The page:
4. Champion a test-and-learn mindset
It is vital to evaluate different measurement methodologies, so brands can detect and analyse the incremental impacts of various campaign strategies. Testing new ways of targeting audiences throughout the funnel with different messages and ad formats can unlock new sources of growth.
Research shows companies that run 15 experiments in a year can achieve a 30% higher ad performance compared to those that do not. Those that have also previously run 15 experiments in the preceding year can expect to see a 45% lift.
by using Meta’s Conversions API
Companies that run 15 experiments
in a year can achieve
Those that also ran 15 experiments in the preceding year can achieve
higher ad performance
higher ad performance
Source: Meta And Duke University
This commitment to a learning agenda is essential for brands who want to take the best practice currently employed and then see how it can be improved through constant experimentation. Where better approaches are found, they need to be shared with the wider organisation and implemented, which means silos that prevent this need to be broken down.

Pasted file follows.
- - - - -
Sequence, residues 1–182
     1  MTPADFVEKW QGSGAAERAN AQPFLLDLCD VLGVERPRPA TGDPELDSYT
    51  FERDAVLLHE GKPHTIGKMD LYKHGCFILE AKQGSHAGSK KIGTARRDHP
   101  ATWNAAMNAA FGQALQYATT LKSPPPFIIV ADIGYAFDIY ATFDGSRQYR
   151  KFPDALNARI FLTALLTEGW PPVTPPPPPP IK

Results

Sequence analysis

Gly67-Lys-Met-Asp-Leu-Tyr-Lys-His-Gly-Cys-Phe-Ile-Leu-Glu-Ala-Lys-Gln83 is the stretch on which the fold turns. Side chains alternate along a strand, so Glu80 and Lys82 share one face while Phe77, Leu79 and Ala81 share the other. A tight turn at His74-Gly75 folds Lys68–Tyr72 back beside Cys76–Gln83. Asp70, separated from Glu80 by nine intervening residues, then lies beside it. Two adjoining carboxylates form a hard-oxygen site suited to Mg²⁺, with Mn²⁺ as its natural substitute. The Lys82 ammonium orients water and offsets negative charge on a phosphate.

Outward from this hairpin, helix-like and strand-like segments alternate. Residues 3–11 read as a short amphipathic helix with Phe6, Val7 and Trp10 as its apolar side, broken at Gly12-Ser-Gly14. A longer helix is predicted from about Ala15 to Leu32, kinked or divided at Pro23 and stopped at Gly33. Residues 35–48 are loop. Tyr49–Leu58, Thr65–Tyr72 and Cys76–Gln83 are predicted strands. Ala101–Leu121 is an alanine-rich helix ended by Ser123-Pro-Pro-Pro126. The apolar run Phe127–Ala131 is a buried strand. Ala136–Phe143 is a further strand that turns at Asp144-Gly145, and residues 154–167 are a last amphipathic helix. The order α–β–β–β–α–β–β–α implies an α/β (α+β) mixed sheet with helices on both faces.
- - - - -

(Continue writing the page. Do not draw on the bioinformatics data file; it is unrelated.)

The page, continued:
And, of course, experiments do not always produce the desired results, so testing budgets and resources need to allow for this, with incentives for learning from failures and taking time to reach the right conclusions.
5. Build a team that can both interpret and present the data
Growth in today’s media landscape requires new kinds of analysis and new ways of communicating within organisations. These will be achieved partly through shifts in mindset and prioritisation (for example, more focus on long-term metrics) and partly through a skills evolution to include statistical modelling capabilities, for example.
Too often, brand and performance marketing are run by separate teams, competing for budget and not sharing insight. The customer’s experience, as well as business outcomes, will improve if data, marketing and product functions think holistically with the same goals.
Forward-thinking organisations are structuring their teams around a shared commitment to working and learning together, for both the short- and long-term future of their brand. Clearly, team members across all functions need to understand the business priorities, and be incentivised against targets that are designed to meet them. For team and business leaders, setting teams up with the right skills and motivations to work in this way will be key.
A template for data-driven growth
Source: Meta and DeloiTTE